The Cathedral Church of the Holy and Undivided Trinity, Bristol, is a very large, long, beautiful church, about 1000 years old, although construction and reconstruction of its various parts has spanned almost that length of time. It began life as an Augustinian abbey. Although only fragments of the abbey church survive, the chapter house still remains and has been called the finest example of a Norman chapter house in existence today. The cathedral has high square towers, and both old and new altars. The nave altar is octagonal in shape – I had never seen that before. The nave itself is unusual in that the aisles are the same height as the choir, making it what is called a "hall church." Common in Germany, this is rare in Britain.
There is a large staff of volunteers who care for the cathedral and keep it alive, including docents who cheerfully conduct free tours (although they welcome donations). On our visit we were impressed by the friendliness of the staff. They are keeping the cathedral alive. Worship services are open to the public, and the side chapels are available for private prayer. "Within the constraints of scheduled services" (as their website states), the cathedral, chapter house, cloister and garden are available for hire to host concerts, dinners, receptions, etc.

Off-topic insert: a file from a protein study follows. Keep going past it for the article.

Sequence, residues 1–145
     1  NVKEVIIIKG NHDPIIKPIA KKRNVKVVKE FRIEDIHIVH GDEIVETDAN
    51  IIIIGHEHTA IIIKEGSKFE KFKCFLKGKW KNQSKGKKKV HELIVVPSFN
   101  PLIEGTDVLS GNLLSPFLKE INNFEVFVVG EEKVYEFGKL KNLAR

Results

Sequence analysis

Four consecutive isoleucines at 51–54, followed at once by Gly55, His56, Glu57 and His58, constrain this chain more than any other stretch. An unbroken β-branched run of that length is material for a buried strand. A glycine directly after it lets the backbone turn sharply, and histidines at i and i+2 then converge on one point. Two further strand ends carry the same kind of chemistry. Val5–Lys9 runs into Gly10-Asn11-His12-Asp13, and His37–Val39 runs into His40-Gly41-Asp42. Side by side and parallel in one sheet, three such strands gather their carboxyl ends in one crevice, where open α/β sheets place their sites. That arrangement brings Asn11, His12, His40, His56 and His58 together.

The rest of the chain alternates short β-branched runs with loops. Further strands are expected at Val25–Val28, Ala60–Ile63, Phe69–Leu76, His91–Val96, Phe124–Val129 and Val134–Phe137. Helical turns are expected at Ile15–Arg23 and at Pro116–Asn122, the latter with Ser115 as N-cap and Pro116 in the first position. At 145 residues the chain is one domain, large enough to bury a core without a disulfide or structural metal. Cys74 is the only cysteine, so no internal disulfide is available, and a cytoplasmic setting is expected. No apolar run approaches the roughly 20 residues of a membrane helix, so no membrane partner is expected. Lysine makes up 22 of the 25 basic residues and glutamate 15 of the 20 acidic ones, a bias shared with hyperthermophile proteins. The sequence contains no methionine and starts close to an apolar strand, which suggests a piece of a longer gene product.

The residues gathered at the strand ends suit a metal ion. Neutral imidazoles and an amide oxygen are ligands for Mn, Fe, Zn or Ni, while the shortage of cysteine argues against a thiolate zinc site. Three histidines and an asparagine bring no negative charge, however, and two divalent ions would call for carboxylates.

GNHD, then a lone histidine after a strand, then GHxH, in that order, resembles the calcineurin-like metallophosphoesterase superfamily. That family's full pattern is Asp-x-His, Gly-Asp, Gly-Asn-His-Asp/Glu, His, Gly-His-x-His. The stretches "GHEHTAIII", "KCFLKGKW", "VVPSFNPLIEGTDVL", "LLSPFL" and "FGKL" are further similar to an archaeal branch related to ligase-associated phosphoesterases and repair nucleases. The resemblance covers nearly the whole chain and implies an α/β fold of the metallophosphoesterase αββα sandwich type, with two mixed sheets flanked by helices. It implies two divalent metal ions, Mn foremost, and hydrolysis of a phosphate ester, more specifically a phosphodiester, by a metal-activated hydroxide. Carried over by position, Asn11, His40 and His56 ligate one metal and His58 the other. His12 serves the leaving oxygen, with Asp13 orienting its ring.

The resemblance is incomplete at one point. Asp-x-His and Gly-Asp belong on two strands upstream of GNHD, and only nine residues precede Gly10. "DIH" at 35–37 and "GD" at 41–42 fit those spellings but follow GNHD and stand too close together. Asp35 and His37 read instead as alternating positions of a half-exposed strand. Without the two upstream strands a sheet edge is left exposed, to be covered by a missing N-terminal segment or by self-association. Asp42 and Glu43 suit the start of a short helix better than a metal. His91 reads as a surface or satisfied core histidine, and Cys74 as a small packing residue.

Bristol historically was a seagoing city, with many departures for the New World. Unfortunately this included involvement in the slave trade. The city's prosperity is reflected in its architecture; many old buildings survive but many others were bombed during World War II. The Clifton Suspension Bridge, begun in 1831 and completed in 1864, the work of the noted 19th century civil and mechanical engineer Isambard Kingdom Brunel, is still in use today and is one of Bristol's most recognisable landmarks.